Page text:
Amazement: The New Customer Service Requirement

July 11, 2013

By Shep Hyken

The secret to gaining a competitive edge lies in customer service—for any type of business, in any economy and in any market. If another company in your market sells the same product or service that you do, then an offer of a higher level of service can draw customers to you. This holds true even if the customer has to drive farther, wait longer or spend more. 

Companies that offer a higher level of customer service in all that they do are amazing—and you can be, too. Let’s look at what makes these companies amazing and the steps you can take to ensure that your business joins the ranks of the customer service superstars.

First, we need to coordinate our understanding of the word amazement as it relates to customer service. When I talk about customer amazement, I’m not referring to over-the-top wow moments. In most companies and customer engagement scenarios, it’s not possible to wow every customer, every time. But, it is possible to be better than average—all of the time.

The key is consistency. This is the factor that will make all the difference. It instills confidence in customers and leads to customer loyalty that can be seen in the foundation of strong, successful companies. And, “a little better than average, all the time” is within everyone’s grasp. Study the best companies in retail, service, and business-to-business – any category, really – and you will find this type of service and consistency.

The best companies analyze the typical touch points that a customer has within their organization and make sure the proper level of service is built into every interaction. The goal is to operationalize service into the culture of the company. The journey to amazement begins here.

A term that embodies this concept is customer-centric—striving to keep a company’s entire focus on the customer. The best way to achieve that goal is to first become an employee-centric organization. By amazing employees—making them feel appreciated—you take the first step toward amazing the customer.

I have chosen one business to serve as a role model. Ace Hardware epitomizes the concept of operationalizing customer service—and has for a long, long time.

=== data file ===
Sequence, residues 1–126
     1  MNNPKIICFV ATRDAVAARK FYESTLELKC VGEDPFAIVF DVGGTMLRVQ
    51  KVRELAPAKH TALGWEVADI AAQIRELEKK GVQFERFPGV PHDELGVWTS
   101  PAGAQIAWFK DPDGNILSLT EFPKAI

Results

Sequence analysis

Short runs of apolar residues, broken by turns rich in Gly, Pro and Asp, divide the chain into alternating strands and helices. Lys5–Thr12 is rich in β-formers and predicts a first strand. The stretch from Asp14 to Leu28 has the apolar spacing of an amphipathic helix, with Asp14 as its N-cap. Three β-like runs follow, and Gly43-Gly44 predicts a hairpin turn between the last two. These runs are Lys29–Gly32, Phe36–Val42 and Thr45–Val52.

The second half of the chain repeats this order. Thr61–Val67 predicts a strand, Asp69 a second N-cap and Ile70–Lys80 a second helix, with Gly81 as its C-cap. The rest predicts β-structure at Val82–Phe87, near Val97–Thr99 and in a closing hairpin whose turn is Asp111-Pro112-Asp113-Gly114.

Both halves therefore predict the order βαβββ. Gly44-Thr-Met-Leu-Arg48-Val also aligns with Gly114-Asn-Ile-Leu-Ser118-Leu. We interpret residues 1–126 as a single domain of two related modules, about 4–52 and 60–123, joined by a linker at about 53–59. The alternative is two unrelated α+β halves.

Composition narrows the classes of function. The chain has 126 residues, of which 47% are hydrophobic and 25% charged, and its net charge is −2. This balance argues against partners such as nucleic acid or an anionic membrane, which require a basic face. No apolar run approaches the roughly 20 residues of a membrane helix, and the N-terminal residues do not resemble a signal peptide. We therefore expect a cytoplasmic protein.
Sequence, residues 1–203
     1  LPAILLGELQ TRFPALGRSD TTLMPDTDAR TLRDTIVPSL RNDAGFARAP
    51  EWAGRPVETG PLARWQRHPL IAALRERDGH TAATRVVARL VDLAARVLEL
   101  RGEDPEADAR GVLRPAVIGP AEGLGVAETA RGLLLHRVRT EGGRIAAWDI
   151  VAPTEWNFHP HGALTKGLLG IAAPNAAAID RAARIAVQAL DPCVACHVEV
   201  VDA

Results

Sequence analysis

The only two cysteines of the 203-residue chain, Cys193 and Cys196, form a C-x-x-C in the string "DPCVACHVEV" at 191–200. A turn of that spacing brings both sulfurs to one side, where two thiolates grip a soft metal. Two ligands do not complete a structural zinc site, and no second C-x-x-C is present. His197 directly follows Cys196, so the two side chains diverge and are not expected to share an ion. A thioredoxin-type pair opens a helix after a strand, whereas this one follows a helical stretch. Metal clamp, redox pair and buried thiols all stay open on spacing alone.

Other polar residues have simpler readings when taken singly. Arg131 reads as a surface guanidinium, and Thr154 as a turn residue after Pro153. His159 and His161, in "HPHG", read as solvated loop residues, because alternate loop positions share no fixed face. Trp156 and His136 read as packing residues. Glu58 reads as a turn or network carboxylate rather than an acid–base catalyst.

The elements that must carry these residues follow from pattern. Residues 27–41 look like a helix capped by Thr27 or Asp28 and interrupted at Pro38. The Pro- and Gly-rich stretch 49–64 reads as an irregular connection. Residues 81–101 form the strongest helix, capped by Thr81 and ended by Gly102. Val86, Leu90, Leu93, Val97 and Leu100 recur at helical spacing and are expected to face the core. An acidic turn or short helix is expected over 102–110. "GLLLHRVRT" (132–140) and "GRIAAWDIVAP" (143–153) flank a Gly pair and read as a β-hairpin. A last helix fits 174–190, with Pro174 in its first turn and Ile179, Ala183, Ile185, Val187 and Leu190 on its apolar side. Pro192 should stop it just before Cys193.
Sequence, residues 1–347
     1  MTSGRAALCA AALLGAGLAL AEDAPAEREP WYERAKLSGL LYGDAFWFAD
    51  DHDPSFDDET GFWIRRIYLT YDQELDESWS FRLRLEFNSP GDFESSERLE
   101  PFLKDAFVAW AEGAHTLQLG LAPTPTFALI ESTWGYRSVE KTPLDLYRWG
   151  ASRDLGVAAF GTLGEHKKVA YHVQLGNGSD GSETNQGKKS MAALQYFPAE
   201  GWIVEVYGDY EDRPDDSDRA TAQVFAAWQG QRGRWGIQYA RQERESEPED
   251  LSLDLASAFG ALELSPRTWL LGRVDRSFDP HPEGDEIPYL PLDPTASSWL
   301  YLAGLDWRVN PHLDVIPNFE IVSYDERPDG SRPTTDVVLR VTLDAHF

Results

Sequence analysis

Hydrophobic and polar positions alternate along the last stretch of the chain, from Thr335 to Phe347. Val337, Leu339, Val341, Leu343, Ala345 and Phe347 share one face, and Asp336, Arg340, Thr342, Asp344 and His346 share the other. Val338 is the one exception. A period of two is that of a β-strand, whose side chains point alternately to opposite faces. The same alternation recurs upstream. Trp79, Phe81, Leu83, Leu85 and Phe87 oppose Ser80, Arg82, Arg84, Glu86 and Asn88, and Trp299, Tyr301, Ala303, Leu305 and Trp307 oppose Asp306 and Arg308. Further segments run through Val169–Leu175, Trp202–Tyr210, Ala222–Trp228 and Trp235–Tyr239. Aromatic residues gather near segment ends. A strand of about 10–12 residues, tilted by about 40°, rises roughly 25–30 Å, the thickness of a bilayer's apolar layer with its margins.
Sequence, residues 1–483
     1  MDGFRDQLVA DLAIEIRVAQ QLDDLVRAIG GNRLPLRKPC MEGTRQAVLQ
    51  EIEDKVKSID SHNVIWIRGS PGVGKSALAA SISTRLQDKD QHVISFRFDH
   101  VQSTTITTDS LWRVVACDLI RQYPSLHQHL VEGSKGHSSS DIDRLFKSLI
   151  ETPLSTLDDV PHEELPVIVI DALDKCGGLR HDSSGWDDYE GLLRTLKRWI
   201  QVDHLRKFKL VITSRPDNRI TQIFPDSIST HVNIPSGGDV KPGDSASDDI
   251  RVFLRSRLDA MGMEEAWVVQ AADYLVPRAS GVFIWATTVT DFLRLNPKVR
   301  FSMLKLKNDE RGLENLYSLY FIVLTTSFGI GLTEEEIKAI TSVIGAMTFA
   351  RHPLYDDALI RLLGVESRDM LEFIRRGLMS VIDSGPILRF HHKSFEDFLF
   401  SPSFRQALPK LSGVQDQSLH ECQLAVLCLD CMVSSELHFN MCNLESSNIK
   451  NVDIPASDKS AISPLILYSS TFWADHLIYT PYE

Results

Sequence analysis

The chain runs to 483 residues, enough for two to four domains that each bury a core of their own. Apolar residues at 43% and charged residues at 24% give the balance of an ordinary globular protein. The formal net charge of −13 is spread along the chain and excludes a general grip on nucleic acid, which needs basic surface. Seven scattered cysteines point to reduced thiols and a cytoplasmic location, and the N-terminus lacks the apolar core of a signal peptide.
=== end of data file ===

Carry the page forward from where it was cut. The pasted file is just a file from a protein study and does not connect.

Since 1924, Ace has achieved a customer service track record that is second to none. The company has been rated among the best in customer service and satisfaction by Business Week and JD Power. It is a multi-billion dollar corporation and a network of 4,600 individual stores in 70 countries—with more than 3,000 owners.

Ace Hardware has branded its version of amazing customer service as “helpful.” The company lives by the tag line The Helpful Place. Customer service is operationalized into Ace culture, giving the company a competitive edge. Being known as “the most helpful hardware stores on the planet” allows Ace to thrive in a competitive industry.

Ace also is among the successful companies that understand the importance of focusing on employees first. The concept permeates the hiring process and employees are trained to deliver helpful service. Management and employees treat each other with respect, and then employees treat customers well, having learned through example and practice.

For an organization to find lasting success, all of the employees must be in alignment. The goal must be to attract customers and keep them coming back. In addition, successful businesses have customers that recommend the company to others. This won’t happen if employees operate under the belief that the only function of the business is to make money. The function of a company is to serve the customer. Do that, and the money will follow.

There are countless customer service strategies, but the foundation is a company culture focused on serving the customer. And it begins in-house.

My customer service twist on the Golden Rule: Owners and managers must treat employees the way they want the customer to be treated, maybe even better. Employees—inside customers—then treat each other with respect, leading to a good experience for the outside customer.

In short: Whatever happens on the inside of an organization will be felt on the outside by the customer.

Source

"Amazement: The New Customer Service Requirement."  Shep Hyken. BMA Buzz. 7/11/13.

You must be logged in to submit a comment.